Aspirin intake and breast cancer survival – a nation-wide study using prospectively recorded data in Sweden
Andersson, Therese M-L
Smedby, Karin Ekström
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CitationHolmes, Michelle D, Henrik Olsson, Yudi Pawitan, Johanna Holm, Cecilia Lundholm, Therese M-L Andersson, Hans-Olov Adami, Johan Askling, and Karin Ekström Smedby. 2014. “Aspirin intake and breast cancer survival – a nation-wide study using prospectively recorded data in Sweden.” BMC Cancer 14 (1): 391. doi:10.1186/1471-2407-14-391. http://dx.doi.org/10.1186/1471-2407-14-391.
AbstractBackground: Aspirin (ASA) use has been associated with improved breast cancer survival in several prospective studies. Methods: We conducted a nested case–control study of ASA use after a breast cancer diagnosis among women using Swedish National Registries. We assessed prospectively recorded ASA exposure during several different time windows following cancer diagnosis using conditional logistic regression with breast cancer death as the main outcome. Within each six-month period of follow-up, we categorized dispensed ASA doses into three groups: 0, less than 1, and 1 or more daily doses. Results: We included 27,426 women diagnosed with breast cancer between 2005 and 2009; 1,661 died of breast cancer when followed until Dec 31, 2010. There was no association between ASA use and breast cancer death when exposure was assessed either shortly after diagnosis, or 3–12 months before the end of follow-up. Only during the period 0–6 months before the end of follow-up was ASA use at least daily compared with non-use associated with a decreased risk of breast cancer death: HR (95% CI) = 0.69 (0.56-0.86). However, in the same time-frame, those using ASA less than daily had an increased risk of breast cancer death: HR (95% CI) = 1.43 (1.09-1.87). Conclusions: Contrary to other studies, we did not find that ASA use was associated with a lower risk of death from breast cancer, except when assessed short term with no delay to death/end of follow-up, which may reflect discontinuation of ASA during terminal illness.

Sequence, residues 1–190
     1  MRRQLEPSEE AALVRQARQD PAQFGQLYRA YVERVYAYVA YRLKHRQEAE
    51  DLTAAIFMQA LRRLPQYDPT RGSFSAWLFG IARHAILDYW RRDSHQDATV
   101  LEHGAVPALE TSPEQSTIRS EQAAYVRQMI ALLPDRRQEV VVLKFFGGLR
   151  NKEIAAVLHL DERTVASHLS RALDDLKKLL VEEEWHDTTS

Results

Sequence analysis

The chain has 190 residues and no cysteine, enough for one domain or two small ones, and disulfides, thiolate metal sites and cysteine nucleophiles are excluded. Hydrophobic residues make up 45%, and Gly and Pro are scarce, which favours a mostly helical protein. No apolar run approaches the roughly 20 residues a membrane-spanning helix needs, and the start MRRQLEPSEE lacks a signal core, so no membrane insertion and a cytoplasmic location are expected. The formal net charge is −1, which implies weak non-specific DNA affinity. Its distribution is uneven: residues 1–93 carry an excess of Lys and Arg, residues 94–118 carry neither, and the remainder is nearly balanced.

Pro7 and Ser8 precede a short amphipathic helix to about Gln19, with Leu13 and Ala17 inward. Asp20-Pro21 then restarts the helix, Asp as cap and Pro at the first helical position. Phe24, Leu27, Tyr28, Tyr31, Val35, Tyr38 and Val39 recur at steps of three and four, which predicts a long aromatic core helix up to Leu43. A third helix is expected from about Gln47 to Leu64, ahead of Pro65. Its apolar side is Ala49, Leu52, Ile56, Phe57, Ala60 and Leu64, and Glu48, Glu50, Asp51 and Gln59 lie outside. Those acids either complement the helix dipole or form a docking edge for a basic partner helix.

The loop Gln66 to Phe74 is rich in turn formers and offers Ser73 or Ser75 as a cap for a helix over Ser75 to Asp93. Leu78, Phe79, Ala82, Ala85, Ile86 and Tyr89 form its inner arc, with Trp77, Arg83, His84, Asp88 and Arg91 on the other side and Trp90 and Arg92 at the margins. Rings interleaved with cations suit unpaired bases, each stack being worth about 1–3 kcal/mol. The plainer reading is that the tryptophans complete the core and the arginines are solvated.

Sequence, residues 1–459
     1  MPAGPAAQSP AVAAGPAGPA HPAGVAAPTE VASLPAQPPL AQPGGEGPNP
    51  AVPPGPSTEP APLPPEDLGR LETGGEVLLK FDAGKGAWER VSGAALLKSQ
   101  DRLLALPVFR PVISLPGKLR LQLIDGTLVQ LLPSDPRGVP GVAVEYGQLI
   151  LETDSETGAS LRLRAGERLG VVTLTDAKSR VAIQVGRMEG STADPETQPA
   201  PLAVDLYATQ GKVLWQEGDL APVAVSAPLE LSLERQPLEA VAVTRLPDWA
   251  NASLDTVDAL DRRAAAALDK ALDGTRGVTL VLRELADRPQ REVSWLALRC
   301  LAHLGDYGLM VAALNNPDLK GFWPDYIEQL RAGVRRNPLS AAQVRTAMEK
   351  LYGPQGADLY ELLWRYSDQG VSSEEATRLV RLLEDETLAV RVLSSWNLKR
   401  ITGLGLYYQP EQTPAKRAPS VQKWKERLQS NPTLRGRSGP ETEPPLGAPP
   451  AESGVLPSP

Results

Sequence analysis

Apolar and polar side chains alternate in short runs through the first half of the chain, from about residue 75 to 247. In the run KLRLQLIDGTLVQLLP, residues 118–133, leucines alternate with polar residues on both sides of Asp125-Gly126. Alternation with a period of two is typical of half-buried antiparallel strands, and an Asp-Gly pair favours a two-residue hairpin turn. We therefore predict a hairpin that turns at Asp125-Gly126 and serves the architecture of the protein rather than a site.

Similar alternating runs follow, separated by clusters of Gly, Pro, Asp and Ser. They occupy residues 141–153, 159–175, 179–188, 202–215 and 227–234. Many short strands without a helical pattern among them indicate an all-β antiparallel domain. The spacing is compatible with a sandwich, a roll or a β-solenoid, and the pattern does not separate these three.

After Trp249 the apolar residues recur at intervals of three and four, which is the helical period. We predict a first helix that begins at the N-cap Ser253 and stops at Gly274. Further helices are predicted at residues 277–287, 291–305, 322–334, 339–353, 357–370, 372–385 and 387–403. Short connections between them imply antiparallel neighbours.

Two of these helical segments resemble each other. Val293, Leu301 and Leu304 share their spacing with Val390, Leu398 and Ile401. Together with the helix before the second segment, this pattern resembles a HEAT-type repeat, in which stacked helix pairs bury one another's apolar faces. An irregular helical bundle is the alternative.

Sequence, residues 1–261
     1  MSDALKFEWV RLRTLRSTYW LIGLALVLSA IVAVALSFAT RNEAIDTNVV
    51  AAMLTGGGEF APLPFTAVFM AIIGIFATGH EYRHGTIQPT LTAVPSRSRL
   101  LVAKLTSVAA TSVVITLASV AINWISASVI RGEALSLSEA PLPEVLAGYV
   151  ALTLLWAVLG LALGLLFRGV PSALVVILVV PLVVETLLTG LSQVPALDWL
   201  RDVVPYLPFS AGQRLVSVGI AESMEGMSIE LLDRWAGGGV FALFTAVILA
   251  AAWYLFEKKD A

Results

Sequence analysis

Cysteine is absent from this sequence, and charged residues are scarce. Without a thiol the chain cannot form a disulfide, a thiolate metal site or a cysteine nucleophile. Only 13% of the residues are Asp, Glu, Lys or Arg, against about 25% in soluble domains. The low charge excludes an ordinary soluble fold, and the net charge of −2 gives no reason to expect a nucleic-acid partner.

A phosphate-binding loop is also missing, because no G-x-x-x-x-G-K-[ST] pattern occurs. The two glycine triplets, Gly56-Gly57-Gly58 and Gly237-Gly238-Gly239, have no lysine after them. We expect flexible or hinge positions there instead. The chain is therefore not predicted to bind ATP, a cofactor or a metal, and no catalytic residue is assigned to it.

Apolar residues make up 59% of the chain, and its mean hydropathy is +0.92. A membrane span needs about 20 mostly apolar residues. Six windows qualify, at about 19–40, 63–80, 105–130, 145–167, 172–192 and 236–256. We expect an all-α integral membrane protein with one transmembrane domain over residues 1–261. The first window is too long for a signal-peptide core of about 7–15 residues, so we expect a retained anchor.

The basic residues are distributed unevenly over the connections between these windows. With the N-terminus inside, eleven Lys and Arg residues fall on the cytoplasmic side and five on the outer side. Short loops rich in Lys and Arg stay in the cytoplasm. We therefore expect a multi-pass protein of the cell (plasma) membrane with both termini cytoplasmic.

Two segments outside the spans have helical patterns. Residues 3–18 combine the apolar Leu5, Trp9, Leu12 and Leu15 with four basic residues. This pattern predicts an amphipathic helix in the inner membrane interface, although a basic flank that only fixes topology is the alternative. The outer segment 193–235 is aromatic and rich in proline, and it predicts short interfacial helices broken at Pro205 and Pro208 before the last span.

Citable link to this pagehttp://nrs.harvard.edu/urn-3:HUL.InstRepos:12406576